Joined: 03 Oct 2005
|Posted: Mon Nov 14, 2005 10:48 am Post subject: Inion and Cambridge to Produce Bioactive Medical Materials
|Inion and University of Cambridge Sign 3-Year Development Agreement to Produce New, Bioactive Medical Materials
Inion, a rapidly growing company focused on the development of novel biodegradable medical implants, has entered into a three-year collaboration agreement with The Cambridge Centre for Medical Materials at the University of Cambridge Department of Materials Science & Metallurgy.
The collaboration will focus on developing a new medical materials platform combining the proprietary Inion Optima[TM] biodegradable polymers with nano-phase bioactive ceramics under development at the University.
These new Biodegradable Bioactive Nano Composite (BBNC) materials are complementary to Inion’s own Optima PLUS[TM] bioactive platform in development, which combines Inion Optima[TM] polymers with N-methyl-pyrollidone (NMP). In time it is expected that both platforms will be used to manufacture innovative medical fixation devices for a broad range of clinical applications.
The Cambridge Centre for Medical Materials (CCMM) is world-renowned in the field of innovative medical materials. The centre was set up in 2000 by Prof. William Bonfield, at the University of Cambridge, Department of Materials Science and Metallurgy, and has strong links with the prestigious Orthopaedic Research Unit, headed by Prof. Neil Rushton, Professor of Orthopaedics at Addenbrooke’s Hospital.
The co-directors of CCMM, Dr Serena Best and Dr Ruth Cameron, and their research team are among the most highly regarded in the field of therapeutic materials, and the group’s research has pioneered the development of bioactive technologies to promote tissue healing.
Commenting on the agreement, Dr Cameron and Dr Best stated; “We are delighted to be entering into this project with Inion. The technologies that each partner has developed have the potential to converge and produce an entirely novel technology platform. Once this platform is established it will offer many potential applications throughout the body. Our experiences have shown that by carefully selecting complementary technologies we are able to deliver results that match, and even improve on, the body’s ability to heal itself.”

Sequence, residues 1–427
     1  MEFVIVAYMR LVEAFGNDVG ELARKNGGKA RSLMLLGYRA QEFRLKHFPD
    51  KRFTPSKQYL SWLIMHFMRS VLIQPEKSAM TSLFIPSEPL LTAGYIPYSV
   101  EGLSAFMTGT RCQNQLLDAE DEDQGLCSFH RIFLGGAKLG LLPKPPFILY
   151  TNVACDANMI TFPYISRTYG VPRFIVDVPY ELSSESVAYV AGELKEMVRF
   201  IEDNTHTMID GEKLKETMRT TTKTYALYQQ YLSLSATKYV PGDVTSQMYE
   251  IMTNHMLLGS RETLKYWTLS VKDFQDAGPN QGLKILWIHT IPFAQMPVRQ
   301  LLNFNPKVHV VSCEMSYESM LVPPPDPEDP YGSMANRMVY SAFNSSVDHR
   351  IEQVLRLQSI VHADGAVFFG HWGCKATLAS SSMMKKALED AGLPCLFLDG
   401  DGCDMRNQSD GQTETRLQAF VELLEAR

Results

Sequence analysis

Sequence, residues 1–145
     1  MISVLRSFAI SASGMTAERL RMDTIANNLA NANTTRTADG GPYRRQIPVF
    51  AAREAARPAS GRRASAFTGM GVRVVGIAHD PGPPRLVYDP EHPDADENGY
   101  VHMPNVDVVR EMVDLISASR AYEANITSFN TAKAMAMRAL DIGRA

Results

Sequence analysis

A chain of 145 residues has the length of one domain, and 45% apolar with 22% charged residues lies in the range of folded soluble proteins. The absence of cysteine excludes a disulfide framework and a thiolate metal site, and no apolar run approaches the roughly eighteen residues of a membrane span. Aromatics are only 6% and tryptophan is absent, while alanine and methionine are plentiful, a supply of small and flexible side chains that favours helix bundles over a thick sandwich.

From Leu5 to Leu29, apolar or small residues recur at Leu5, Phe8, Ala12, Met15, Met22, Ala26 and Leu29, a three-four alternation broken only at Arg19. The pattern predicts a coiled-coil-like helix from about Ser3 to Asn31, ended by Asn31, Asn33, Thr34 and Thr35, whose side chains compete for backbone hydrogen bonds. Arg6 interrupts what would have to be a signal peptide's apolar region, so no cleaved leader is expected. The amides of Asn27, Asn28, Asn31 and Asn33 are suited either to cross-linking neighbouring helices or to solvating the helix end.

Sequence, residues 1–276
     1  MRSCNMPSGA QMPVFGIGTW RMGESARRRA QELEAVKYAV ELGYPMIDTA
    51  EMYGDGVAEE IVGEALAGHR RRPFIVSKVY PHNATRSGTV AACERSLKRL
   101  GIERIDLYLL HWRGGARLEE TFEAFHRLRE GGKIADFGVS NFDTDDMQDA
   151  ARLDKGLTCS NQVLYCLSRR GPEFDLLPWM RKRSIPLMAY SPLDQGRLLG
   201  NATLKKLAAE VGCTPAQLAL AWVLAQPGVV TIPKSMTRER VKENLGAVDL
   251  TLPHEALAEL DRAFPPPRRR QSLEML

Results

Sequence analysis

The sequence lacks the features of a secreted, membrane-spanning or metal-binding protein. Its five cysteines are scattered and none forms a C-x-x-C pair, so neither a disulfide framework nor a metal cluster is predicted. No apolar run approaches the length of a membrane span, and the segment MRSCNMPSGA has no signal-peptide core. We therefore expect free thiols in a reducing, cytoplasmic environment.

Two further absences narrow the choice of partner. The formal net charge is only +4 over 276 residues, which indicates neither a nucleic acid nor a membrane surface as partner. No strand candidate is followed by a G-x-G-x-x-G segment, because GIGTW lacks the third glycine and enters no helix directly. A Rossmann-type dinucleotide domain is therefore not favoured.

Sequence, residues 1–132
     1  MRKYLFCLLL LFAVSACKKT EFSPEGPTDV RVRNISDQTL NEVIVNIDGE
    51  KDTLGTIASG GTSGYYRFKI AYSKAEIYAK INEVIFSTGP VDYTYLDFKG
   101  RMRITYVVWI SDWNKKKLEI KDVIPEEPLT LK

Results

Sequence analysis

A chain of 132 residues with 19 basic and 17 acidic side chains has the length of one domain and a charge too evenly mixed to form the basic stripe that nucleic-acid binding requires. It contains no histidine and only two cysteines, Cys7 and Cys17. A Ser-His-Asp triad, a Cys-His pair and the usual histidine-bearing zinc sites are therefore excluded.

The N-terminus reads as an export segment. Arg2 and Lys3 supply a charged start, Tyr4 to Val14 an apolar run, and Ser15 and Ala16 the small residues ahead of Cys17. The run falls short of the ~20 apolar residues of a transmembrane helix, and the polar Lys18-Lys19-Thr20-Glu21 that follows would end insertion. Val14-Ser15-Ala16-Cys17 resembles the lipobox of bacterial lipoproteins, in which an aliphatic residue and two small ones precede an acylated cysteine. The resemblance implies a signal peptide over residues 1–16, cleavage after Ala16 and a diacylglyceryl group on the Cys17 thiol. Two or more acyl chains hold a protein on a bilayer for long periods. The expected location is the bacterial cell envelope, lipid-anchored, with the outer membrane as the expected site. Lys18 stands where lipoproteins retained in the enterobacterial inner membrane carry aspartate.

Auvo Kaikkonen, CEO of Inion said; “We are thrilled to be working with such a prestigious group as the CCMM. Through our many relationships with academic institutions across the world we have been able to develop technologies that offer real benefits to patients and clinicians alike. This latest project has the potential to match these achievements and provides greater breadth in our ability to develop next-generation biomaterials and medical implants designed to enhance the healing process.”
Inion will make a small financial contribution to the collaboration and has taken a non-exclusive, non-royalty bearing licence for commercialising any resulting products. The Company has an option to make the licence exclusive in return for making royalty payments on future product sales. The University of Cambridge will retain intellectual property rights to the use of the technology it is contributing to this collaboration.
This story was posted on 11 November 2005.